they work. Various software packages exist to produce B-spline
descriptions of desired solid objects and surfaces. The point to be made
here is that, while the method of the invention lends itself well to use
with B-spline descriptions of solid objects and surfaces, the use of
B-splines is in no way required. However, since the preferred method has
been used in a graphics system that does employ B-splines, it is most
convenient to describe the method in that setting. That graphics system is
the Hewlett-Packard 9000 Model 320SRX, which includes, in particular, an
HP Model 98720A Graphics Accelerator.
Specifically, FIG. 1 illustrates that each point 6 on a surface of interest
1 can be represented by a corresponding point 7 in some portion 5 of a
parameter space 3. The user of the graphics system interacts with that
system in defined ways set out in an operating manual for the system. By
using appropriate commands a desired surface may be constructed. In
general, the surface will be composed of a multiplicity of patches. For
each patch upon a surface in XYZ space, the internal activities of the
graphics system produce three (or perhaps four) patch generation functions
of u and v. The variables u and v belong to the parameter space 3. The x
coordinate of the point 6 is found by evaluating a (polynomial) function
F.sub.x (u,v). Corresponding functions F.sub.y and F.sub.z produce the y
and z coordinates of the point 6. A more general case (rational B-splines)
for three coordinates uses four functions:
In this case each of the functions F.sub.x, F.sub.y and F.sub.z has been
rationalized through division by the function H. The method to be
described is compatible with either rational or nonrational nonuniform
Conceptually, one could compute all the pixel values for the surface by
evaluating the B-spline patch generation functions for a sufficiently
dense cartesian product of the variables u and v; i.e., by evaluating a
sufficiently dense collection of points in the parameter space 3. In
practice, however, such an approach requires an inordinate amount of
execution time, and is generally avoided in favor of one that requires
only quicker and more easily performed computations. The polylgon method
to be described in connection with FIGS. 6-8 is such a favored approach.
According to this approach the set of points evaluated in the parameter
space for a given patch are selected to be just dense enough to yield
polygons vertices for polygons that, when interpolated by shading, produce
an acceptably smooth surface. Since each polygon contains a multitude of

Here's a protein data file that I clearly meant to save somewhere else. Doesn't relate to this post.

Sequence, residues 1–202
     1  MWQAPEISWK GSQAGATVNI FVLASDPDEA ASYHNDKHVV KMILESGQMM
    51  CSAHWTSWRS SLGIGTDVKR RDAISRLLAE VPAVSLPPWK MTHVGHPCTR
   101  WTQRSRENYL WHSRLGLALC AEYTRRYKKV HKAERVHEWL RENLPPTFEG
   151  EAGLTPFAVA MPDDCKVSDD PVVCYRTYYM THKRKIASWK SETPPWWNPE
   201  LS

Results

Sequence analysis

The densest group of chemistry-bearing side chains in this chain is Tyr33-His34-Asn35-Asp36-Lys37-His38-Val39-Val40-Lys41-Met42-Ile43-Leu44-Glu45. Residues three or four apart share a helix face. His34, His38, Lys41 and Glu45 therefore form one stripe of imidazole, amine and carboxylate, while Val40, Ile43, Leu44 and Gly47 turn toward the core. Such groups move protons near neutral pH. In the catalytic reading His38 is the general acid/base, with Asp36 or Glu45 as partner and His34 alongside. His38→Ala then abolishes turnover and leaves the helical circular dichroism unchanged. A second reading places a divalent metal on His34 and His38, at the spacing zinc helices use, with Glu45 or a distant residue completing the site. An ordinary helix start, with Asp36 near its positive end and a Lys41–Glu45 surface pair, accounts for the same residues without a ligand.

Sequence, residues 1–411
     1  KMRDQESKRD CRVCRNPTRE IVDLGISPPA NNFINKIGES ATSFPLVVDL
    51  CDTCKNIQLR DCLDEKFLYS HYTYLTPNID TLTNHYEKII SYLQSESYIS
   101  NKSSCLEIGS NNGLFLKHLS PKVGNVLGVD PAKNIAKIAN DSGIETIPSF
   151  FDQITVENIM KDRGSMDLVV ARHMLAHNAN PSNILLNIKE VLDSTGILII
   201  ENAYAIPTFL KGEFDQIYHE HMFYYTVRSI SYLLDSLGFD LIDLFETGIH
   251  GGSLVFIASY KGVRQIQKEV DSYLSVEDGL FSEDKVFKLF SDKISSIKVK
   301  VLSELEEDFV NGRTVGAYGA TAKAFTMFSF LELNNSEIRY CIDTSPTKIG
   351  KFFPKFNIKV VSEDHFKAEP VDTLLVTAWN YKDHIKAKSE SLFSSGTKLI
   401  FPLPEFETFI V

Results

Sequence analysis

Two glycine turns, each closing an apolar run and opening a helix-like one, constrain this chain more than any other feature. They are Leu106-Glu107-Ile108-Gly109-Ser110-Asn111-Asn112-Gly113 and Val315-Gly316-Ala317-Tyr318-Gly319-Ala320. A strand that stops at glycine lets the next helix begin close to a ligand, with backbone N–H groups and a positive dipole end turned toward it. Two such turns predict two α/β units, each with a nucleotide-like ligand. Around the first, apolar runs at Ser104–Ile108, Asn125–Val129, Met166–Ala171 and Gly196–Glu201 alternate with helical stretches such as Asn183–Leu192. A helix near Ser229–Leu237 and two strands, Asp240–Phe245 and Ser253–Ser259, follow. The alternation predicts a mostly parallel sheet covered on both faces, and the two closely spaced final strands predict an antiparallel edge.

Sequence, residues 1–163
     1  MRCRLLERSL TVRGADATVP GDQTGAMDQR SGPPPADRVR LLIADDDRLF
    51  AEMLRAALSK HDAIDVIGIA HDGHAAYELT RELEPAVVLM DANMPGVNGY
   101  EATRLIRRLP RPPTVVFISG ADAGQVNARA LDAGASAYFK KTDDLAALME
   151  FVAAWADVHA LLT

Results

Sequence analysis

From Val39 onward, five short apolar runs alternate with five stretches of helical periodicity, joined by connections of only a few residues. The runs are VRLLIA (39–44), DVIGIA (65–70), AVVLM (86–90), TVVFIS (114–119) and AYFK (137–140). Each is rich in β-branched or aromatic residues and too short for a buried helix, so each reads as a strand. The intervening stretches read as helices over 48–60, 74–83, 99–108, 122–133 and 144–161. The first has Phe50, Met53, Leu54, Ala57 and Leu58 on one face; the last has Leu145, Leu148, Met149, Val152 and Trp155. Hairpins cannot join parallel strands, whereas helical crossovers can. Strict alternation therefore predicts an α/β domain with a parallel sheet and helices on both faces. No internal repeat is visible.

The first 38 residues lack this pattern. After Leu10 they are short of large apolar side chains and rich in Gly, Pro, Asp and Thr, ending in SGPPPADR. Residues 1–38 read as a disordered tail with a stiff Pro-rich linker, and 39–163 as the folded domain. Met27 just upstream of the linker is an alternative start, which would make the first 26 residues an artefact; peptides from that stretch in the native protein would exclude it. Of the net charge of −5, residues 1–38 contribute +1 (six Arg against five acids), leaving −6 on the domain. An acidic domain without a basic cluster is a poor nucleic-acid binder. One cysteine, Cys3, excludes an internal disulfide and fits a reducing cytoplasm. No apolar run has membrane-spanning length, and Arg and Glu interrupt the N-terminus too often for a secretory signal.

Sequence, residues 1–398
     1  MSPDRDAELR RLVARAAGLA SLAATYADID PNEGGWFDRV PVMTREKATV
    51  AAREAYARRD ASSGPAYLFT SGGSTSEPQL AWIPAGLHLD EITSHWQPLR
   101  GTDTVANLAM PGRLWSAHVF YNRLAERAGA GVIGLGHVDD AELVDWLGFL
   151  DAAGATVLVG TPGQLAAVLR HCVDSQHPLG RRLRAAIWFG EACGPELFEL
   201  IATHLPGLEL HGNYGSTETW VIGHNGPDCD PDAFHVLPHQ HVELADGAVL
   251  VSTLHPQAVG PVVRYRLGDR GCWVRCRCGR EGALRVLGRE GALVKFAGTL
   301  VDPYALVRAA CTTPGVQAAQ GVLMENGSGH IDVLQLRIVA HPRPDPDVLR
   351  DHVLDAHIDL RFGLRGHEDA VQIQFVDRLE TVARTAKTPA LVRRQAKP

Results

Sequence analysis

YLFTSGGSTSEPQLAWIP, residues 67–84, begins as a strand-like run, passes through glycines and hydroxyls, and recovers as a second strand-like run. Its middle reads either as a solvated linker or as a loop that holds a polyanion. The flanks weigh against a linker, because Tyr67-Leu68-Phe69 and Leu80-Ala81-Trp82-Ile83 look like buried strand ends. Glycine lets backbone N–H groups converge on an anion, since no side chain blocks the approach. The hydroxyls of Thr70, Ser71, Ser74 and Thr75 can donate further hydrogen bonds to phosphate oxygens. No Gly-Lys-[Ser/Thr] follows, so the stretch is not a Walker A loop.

pixels whose values are relatively easily found by linear interpolation
done in hardware, a considerable reduction in image preparation time is
It is unlikely that one set of functions 4 entirely describes a complete
surface of interest. Instead, collections of B-spline patch generation
functions are found that provide a good approximations of the desired
surface over small regions. This piecewise approximation divides the
parameter space into regions, called spans. The piecewise approximation is
what actually divides the surface into the corresponding patches. To
render a patch, its corresponding B-spline functions are evaluated over
the range of the associated span. Acccording to the desired resolution for
the displayed object (i.e., the polygon size), suitable step sizes are
selected for increments to u and v. The parameter u is allowed to range in
equal steps from u.sub.min to u.sub.max, while the parameter v ranges in
equal steps (not necessarily the same as those for u) from v.sub.min to
v.sub.max. This evaluation of the span produces "raw" polygon vertices
that are generally subjected to a fair amount of further processing prior
to being displayed.
Thus we see that the surface to be displayed is described as a collection
of patches, each of which has an associated span. Associated with each
span is a particular collection of B-spline patch generation functions.
Recall that it was said above that by using appropriate commands the user
can construct a desired surface. Suppose, for example, that a flat plate
having a hole in it were the desired object. With a typical solid modeling
package a user would select from a menu a suitable primitive shape, such
as a rectangular solid, and specify its dimensions. He would then specify
the location of the center of the hole, and "subtract" from the plate a
cylinder of the desired diameter. It is a practical matter to produce a
B-spline description of a rectangular plate. It is also a practical matter
to obtain a B-spline description of the cylinder to be removed by
"drilling" the hole. However, it is not a practical matter to consider the
plate with the hole already in it as a primitive shape having its own
particular B-spline description.
The method of the invention affords a solution to the problem of complex